I kind of had a breakdown in class last night. Only a minor one though - I think only this girl at the back table really saw it. And she only saw it because she was standing right next to me at the stove and told me "it'll be okay, it's only eggs," to which of course I burst into tears...
Backing up: I have a lot of trouble cooking eggs. It seems so easy, but I just can't get it right. All we had to do was make 2 over easy, 1 over hard, 1 boiled, 1 French omelette, 1 American omelette, and 1 poached.
I started with the boiled, which is 5 minutes at boiling, 10 min off the heat, then 5 in cold water. During that, I managed to throw away about 5 eggs as I tried to make a French omelette and over easy eggs. I can flip the egg in the pan okay (tip to the edge, then flip wrist), but I kept browning the bottom, and over easy have to have no color.
That was where I kept screwing up - I have a lot of trouble controlling the heat on these stoves, so things were browning when they were supposed to have no color. They are really high heat even when you think it's low, and then with the vent fan and air conditioning blowing, sometimes they go out or your's is being heated by the one next to you...
I should take a picture of the kitchen, but all the stoves are on one side, and we have about 20 students, so it gets really crowded.
Over Easy: Crack an egg in a bowl, then slide into lightly buttered nonstick pan. Allow to set slightly, then slide the pan to make sure the egg still moves off the bottom. When set, flip. Allow the other side to set (just about 30 sec), then take out. Yolk should be runny.
Over Hard: Same as over easy to start, then crack yolk and flip. Allow to brown, and can flip one more time. I didn't actually make this. If I can do the over easy, I'm assuming I can make the over easy. This may be a very wrong assumption. Yolk should be set.
French Omelette: Whip two eggs with fork in bowl until can lift fork and a stream drops from the fork. Pour into a buttered nonstick pan. Allow to set slightly, then stir with bottom of fork (kind of like scrambled) in the center to get top to the bottom to cook. Leave alone. Take on and off the heat. Then gently tri-fold, starting at one side then the other. Put plate over pan, and flip onto plate. Should be slightly runny in the center, but tightly folded. Okay, I just could not get this. Mine kept getting color on the bottom, which is why I had the breakdown after my second try (which was after my two tries on the over easy, one boiled, and one poached). Irish helped me because she's made a lot of omelettes, but it still wasn't good enough to show Chef - it browned also. But I think I understand the process.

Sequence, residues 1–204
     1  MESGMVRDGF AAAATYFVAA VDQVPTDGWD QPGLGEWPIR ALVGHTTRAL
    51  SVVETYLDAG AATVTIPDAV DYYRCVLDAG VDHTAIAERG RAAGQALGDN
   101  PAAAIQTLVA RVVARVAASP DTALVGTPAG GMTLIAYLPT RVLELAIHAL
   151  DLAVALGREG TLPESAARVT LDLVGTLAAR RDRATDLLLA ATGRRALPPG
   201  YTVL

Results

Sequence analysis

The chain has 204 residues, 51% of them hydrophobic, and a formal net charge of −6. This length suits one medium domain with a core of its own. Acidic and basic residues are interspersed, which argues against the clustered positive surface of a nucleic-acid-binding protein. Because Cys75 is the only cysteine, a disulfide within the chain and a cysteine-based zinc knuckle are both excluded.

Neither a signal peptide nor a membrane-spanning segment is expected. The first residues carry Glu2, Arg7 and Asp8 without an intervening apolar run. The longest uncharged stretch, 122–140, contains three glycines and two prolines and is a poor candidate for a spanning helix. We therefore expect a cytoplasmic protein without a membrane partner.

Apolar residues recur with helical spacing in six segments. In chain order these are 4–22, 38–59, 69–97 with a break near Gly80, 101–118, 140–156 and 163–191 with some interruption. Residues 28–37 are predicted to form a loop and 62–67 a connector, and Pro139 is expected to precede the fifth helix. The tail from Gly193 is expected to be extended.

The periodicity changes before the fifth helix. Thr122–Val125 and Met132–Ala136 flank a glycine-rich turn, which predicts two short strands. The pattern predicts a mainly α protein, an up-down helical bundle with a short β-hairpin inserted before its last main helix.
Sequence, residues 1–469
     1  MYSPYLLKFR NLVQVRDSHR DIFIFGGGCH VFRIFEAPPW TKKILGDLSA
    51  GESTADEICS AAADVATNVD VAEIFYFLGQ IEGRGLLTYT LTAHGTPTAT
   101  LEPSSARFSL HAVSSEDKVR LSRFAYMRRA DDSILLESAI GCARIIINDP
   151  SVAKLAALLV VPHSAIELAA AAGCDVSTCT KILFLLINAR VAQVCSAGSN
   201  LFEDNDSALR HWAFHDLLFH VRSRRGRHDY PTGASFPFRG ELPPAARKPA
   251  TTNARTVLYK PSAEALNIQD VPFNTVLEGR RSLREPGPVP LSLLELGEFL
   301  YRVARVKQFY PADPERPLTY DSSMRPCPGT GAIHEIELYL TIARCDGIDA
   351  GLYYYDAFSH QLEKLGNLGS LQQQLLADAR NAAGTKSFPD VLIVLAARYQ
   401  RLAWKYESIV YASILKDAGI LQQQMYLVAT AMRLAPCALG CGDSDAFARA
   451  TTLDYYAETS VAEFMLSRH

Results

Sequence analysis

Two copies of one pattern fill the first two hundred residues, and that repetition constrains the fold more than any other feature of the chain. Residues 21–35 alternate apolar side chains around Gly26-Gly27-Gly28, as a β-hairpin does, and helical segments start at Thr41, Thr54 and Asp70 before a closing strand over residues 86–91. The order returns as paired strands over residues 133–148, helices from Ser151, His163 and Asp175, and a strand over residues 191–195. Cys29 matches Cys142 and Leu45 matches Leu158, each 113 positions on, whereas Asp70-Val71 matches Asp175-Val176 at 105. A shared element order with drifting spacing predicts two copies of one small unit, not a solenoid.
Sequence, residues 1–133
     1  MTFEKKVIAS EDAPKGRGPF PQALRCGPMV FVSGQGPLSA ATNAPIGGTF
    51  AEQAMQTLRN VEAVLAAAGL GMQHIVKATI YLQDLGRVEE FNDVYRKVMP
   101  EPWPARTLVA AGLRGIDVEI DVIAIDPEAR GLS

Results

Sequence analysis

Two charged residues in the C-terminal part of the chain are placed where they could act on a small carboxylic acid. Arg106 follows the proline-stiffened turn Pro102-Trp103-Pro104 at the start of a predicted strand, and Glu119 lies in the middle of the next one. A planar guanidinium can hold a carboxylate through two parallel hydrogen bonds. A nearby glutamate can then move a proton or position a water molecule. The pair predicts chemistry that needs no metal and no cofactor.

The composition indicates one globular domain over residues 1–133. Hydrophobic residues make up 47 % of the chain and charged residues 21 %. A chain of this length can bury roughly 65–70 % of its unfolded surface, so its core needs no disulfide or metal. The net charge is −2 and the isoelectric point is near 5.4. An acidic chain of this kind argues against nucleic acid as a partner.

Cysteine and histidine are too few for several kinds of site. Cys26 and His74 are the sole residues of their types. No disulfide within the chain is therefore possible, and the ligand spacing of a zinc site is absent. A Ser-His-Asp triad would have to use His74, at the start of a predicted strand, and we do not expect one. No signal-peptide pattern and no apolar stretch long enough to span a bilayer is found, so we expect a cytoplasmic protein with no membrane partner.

American Omelette: Whip three eggs. Similar method to above, but it's okay for it to brown. Place filling on top when egg is set, then fold in two. Ummm I never even tried this. I don't really like omelettes - and I was really starting to feel ill from the smell of eggs at this point.
Poached: Chef helped me to figure this one out. I think there are things I am either missing when he says them in lecture/demo, or he doesn't say them...it's possibly both. Bring to boil water and 2 T of vinegar, and a little bit of salt. Swirl the water with a large spoon, then drop egg into the center swirl (again, having cracked it into a little bowl). Leave it alone! Mine looked like cool little satchels or purses, or even a jellyfish. But it worked! Even the one I made after Chef told me to do one by myself.
Simmered in Shell: The second one I tried to make apparently was cracked, because when I went back to check on it, the white had leaked out and was puffing around the shell...
That's when I completely gave up for the night. Sometimes, it's just not one's day. So I spent most of classtime socializing. Nemo had an emergency at his job, so I lost my pancake partner, which, at that point of the night, I really didn't care anymore - like I said, I felt kind of ill. I tried some of Irish's, but they were a little too blueberry for me. Syrup sure does taste good when you rarely have it, though - made from scratch, of course.
Chef told me I should keep trying, because the French is going to be on the final, but I told him (not bitterly) that I'm really okay failing one practical - he just chuckled, and said he knows I don't want to work in a kitchen, but I should really know how to do this. So I promised to practice at home. We'll see if I have time.
Clearly, I'm using nicknames, because I haven't asked permission to use people's names. Besides, I love nicknames.
Take a break when you need it. But that's the psych lesson.
Hard boiled is not called "hard boiled" anymore - it's "simmered in shell." I couldn't tell if Chef K was kidding, but he said they don't use that term anymore because it's considered too violent. But I asked him a lot of questions, and I think he was telling me he wasn't kidding.
Vinegar is used when making poached eggs to keep the whites white and quickly coagulate the protein.